Initial plans suggested the new cancer hospital could cost up to £220million to build.
The University of Cambridge has already committed to raising £50million towards the facility, which will be built on a parcel of land between the Addenbrooke’s Treatment Centre and the Frank Lee Centre, with its main entrance off Keith Day Road.
It would lie on the other side of Robinson Way from the new headquarters and R&D centre of biopharmaceutical company AstraZeneca .
Early plans suggested there could be 77 beds in the seven-storey building.
Confirming the hospital-building programme, which was a manifesto commitment, Prime Minister Boris Johnson said: “The dedication and tireless efforts of our nurses, doctors and all healthcare workers have kept the NHS open throughout this pandemic. But no matter what this virus throws at us we are determined to build back better and deliver the biggest hospital building programme in a generation.
“From Morpeth to Milton Keynes, we are building 40 new hospitals across England to level up our NHS so more people have top-class healthcare services in their local area.”
Health and Social Care Secretary Matt Hancock said: “We protected the NHS through the peak of coronavirus. Today we recommit to protect the NHS for years to come with the 40 new hospitals we will build over the next decade, including six in the East of England alone.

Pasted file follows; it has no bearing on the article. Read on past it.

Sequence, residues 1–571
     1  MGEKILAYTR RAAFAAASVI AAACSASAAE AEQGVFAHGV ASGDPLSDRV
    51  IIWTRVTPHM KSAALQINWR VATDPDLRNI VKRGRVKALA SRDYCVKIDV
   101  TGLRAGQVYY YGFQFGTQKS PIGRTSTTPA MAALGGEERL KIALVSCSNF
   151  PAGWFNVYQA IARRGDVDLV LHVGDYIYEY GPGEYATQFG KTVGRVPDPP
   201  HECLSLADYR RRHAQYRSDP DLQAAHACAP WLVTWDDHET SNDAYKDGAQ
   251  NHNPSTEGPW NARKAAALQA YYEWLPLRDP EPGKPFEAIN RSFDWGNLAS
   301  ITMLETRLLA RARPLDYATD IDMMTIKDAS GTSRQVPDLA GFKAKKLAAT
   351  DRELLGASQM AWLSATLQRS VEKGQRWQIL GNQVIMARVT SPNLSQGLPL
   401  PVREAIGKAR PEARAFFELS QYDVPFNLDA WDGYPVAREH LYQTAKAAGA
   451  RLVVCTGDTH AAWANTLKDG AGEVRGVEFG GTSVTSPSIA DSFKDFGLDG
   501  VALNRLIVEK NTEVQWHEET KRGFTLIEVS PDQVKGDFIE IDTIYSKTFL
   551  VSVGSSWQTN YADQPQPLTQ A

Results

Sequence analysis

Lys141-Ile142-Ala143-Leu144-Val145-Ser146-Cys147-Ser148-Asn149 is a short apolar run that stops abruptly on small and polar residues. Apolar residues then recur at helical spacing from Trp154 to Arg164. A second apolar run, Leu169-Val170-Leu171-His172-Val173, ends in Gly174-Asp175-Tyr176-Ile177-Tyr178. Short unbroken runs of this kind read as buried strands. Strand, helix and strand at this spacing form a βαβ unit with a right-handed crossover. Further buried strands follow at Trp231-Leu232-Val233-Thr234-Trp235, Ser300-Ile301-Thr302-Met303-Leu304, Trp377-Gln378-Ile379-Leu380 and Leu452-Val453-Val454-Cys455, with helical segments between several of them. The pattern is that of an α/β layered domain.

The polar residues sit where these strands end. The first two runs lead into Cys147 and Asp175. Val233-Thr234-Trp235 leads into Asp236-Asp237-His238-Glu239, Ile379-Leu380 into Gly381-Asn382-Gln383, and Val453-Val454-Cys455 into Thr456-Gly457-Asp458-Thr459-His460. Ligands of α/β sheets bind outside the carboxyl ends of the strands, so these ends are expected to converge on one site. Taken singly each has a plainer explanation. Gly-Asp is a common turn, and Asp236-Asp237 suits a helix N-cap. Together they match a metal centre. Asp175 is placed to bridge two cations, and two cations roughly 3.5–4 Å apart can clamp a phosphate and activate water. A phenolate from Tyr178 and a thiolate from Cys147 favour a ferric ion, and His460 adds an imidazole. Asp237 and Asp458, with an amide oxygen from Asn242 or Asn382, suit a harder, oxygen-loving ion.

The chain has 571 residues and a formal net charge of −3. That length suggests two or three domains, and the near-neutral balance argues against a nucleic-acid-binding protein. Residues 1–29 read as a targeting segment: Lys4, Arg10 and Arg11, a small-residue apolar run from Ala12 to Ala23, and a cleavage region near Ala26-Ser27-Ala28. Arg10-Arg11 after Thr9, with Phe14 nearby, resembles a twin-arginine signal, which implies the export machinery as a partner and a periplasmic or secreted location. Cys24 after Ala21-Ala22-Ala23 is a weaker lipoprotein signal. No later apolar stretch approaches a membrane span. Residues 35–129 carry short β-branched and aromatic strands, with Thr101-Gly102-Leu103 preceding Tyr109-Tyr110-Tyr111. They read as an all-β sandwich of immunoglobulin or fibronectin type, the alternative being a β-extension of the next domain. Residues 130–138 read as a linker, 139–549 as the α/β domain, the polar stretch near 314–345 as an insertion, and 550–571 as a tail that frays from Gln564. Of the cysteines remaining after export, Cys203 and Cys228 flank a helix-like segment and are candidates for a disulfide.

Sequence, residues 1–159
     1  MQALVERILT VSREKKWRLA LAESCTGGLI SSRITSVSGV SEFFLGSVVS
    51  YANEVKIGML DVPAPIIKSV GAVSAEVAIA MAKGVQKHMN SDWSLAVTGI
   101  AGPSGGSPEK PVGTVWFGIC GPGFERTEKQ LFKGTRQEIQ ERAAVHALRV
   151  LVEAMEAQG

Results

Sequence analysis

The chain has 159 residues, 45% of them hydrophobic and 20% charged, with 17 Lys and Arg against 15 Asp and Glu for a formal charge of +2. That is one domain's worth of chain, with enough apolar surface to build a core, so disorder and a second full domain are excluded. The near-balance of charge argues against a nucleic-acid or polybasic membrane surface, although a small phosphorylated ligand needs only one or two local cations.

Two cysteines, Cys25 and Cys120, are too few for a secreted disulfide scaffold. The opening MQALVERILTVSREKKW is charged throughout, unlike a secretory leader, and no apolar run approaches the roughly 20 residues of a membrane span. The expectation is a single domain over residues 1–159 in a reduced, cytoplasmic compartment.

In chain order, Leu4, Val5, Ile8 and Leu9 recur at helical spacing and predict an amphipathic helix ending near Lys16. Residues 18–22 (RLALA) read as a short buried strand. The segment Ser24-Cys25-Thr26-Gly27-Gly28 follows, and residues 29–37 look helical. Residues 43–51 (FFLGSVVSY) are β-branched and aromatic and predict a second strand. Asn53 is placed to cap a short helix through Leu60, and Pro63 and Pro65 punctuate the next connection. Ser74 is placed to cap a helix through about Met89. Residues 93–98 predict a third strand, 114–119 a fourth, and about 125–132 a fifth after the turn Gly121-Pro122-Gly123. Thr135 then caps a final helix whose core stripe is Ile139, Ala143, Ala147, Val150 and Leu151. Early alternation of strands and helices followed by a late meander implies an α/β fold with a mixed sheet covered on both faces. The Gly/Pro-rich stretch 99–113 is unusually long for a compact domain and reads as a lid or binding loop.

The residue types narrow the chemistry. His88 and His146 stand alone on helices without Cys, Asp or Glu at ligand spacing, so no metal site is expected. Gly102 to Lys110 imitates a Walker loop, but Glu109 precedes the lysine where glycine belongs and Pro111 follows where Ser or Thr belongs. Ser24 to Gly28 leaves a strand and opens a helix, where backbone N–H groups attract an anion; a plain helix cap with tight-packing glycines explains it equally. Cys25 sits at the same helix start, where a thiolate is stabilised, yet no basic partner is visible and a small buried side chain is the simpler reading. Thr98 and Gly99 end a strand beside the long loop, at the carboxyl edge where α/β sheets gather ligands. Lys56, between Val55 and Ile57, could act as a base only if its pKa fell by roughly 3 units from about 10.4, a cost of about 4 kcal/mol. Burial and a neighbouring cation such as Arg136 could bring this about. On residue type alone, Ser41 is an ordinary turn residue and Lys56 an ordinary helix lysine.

“I love the NHS and I will do all I can to make sure it is there for you and your family over the years to come. The biggest hospital building programme in a generation will help protect the NHS long into the future.”
Discussing the plans last year, Prof Gilbertson, who is also head of the university’s Department of Oncology, told the Cambridge Independent that the new cancer hospital would be pioneering.
“There are three research components,” he said. “There would be a precision cancer research centre which would integrate physics, chemistry, engineering and mathematics towards better patient care and decision-making.
“We would have early cancer detection – and that’s probably one of the best opportunities we have to save lives by bringing forward the diagnosis as early as possible. And again that would integrate physics, chemistry, engineering and mathematics.
“Probably our leading programme is in breast cancer: we already have the world’s first precision breast cancer programme and this will be embedded within the new hospital.”
Roland Sinker, CEO of Cambridge University Hospitals, said: “We welcome the Prime Minister’s funding announcement for the Cambridge Cancer Research Hospital.